March 2017: Journal of Healthcare Management / American College of Healthcare Executives
https://www.readbyqxmd.com/read/28279924/physicians-responses-to-financial-and-social-incentives-a-medically-framed-real-effort-experiment
#5
Mylène Lagarde, Duane Blaauw
Because compensation policies have critical implications for the provision of health care, and evidence of their effects is limited and difficult to study in the real world, laboratory experiments may be a valuable methodology to study the behavioural responses of health care providers. With this experiment undertaken in 2013, we add to this new literature by designing a new medically framed real effort task to test the effects of different remuneration schemes in a multi-tasking context. We assess the impact of different incentives on the quantity (productivity) and quality of outputs of 132 participants...
March 2, 2017: Social Science & Medicine
https://www.readbyqxmd.com/read/28260407/doctor-patient-relationships-dpr-in-china
#6
Shaozhuang Ma, Xuehu Xu, Virginia Trigo, Nelson J C Ramalho
Purpose The purpose of this paper is twofold: first, to develop and test theory on how commitment human resource (HR) practices affect hospital professionals' job satisfaction that motivates them to generate desirable patient care and subsequently improve doctor-patient relationships (DPR) and second, to examine how commitment HR practices influence hospital managers and clinicians in different ways. Design/methodology/approach Using a cross-sectional survey, the authors collected data from 508 clinicians and hospital managers from 33 tertiary public hospitals in China...
March 20, 2017: Journal of Health Organization and Management
https://www.readbyqxmd.com/read/28257186/allocating-damage-compensation-in-a-federalist-system-lessons-from-spatially-resolved-air-emissions-in-the-marcellus
#7
A Patrick Behrer, Meagan S Mauter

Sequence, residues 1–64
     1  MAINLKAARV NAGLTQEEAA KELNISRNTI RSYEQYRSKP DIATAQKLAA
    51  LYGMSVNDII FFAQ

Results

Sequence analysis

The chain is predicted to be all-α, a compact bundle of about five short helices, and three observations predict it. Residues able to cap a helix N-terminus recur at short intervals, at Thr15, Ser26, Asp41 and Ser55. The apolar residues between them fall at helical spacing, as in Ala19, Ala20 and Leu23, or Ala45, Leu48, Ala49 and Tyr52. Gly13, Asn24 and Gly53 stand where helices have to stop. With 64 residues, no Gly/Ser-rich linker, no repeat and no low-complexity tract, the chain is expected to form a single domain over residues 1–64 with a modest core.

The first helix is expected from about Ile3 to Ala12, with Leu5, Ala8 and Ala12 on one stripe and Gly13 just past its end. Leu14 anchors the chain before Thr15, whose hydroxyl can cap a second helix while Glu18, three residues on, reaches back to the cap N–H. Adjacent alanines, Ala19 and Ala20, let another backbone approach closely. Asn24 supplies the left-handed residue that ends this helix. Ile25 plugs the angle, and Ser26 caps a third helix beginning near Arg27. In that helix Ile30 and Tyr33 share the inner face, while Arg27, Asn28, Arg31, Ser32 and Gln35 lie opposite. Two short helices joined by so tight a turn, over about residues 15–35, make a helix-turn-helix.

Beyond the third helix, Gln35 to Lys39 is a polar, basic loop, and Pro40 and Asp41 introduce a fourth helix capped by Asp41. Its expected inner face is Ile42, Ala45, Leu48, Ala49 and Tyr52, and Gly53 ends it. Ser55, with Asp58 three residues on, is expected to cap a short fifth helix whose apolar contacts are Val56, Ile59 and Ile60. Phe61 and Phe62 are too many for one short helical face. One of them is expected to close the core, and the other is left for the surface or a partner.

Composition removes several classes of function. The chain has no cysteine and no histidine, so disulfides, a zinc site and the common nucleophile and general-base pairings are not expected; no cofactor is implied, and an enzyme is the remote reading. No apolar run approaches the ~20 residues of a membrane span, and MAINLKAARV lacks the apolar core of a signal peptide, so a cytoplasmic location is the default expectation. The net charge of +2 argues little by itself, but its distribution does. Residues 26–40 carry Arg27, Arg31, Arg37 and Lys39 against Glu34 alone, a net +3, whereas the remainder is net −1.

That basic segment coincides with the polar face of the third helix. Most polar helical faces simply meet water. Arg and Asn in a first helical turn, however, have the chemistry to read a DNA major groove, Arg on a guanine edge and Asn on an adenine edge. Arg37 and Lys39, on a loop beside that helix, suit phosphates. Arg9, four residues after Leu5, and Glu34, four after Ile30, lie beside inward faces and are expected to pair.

The benefits and impacts of unconventional natural gas development are realized at different spatial scales, calling into question the appropriate jurisdictional level at which to set and enforce environmental policy. This paper evaluates impact fee allocation under Pennsylvania Act 13, which authorizes Commonwealth payments to Pennsylvania counties to offset damages from unconventional natural gas extraction in exchange for consolidated state-level regulatory authority. We evaluate the adequacy of damage compensation allocation for impacts that are spatially and temporally removed from the well site, using the air emissions associated with natural gas wastewater transport as a case study...
March 20, 2017: Environmental Science & Technology
https://www.readbyqxmd.com/read/28251864/typologies-of-altruistic-and-financial-motivations-for-research-participation
#8
Lisa J Chin, Jacqueline A Berenson, Robert L Klitzman
Questions arise concerning participants' motives in risky studies, such as HIV vaccine trials (HVTs). We interviewed in-depth 20 gay/bisexual men. Participants described both altruistic and nonaltruistic motives. Altruistic motivations emerged primarily, with nine typologies: (a) cultural, (b) community related, (c) familial, (d) religious, (e) professional, (f) political (e.g., HIV activism), (g) moral (e.g., making up for past wrongs), (h) existential (e.g., providing sense of meaning), and (i) other psychological (e...